Are Middle Class Housing Projects The Future?

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April 05, 2016

Imagine you have $20 in your pocket with the sole purpose of buying something to drink with it. On the surface, $20 seems like it would be more than enough to imbibe in anything ranging from water, pop, and coffee, to beer and mixed drinks. $20 is more than enough to purchase a drink, that is, unless even the most basic of drinks costs $100.

That is the exact situation many residents of Bay Area cities are facing currently when it comes to the housing market. Take Palo Alto for example, a small city with a median family income of $167,408, which is the third highest in the country for a city in its size class, The New Yorker reports. Certainly they don’t need help in paying for a house, right? It’s easy to think that, until you take a look and realize the median property value in Palo Alto is $2.5 million, and still rising.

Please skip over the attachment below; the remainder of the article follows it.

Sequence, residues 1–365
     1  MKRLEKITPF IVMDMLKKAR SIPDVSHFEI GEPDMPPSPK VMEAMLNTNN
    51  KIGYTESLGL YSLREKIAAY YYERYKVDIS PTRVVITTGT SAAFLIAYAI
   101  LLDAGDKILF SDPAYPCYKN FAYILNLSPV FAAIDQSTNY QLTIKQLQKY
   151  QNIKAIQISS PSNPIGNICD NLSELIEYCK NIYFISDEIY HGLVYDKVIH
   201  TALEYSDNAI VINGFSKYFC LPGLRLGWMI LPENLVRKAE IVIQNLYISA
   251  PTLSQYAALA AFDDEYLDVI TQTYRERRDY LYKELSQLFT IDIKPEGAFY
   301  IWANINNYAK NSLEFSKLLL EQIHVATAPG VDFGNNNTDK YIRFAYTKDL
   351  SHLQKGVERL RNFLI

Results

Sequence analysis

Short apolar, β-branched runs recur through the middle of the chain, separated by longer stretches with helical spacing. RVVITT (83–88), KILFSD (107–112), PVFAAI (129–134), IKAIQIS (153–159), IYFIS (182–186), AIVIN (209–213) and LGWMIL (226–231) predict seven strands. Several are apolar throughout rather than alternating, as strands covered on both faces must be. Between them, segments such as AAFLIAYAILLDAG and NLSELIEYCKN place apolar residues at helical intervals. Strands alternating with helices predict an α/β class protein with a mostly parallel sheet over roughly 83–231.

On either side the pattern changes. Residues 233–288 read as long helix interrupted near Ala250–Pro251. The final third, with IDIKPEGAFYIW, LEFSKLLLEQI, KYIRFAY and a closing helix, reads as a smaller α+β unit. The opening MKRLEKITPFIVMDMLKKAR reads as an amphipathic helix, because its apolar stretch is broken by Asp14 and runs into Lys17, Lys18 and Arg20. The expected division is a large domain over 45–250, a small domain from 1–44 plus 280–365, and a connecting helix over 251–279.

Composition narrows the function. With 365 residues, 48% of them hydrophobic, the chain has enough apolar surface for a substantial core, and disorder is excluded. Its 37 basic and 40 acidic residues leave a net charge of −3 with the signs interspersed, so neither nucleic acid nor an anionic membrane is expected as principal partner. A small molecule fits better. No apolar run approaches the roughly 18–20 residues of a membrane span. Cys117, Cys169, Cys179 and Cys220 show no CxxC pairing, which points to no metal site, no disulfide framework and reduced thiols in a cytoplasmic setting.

Subsidizing housing for six-figure earners, which may have originally seemed a bit outlandish, suddenly starts to make a lot more sense. And Palo Alto isn’t the only city in the Bay Area kicking around this idea. San Francisco, one of the most expensive housing markets in the country, is moving forward with a version of a plan that would allow some of San Francisco’s middle class to move to subsidized housing that would be built in the city’s Candlestick and Bayview-Hunters Point neighborhoods. There would be a cutoff of $145,650 for a four-person household.

One of the biggest concerns with subsidizing the middle class, as Nathan Heller writes, is that it would replace the old poor with the new poor in public concern. Palo Alto, for example, may have a high median income, but it still has 15 percent of people living below the poverty line, as well.

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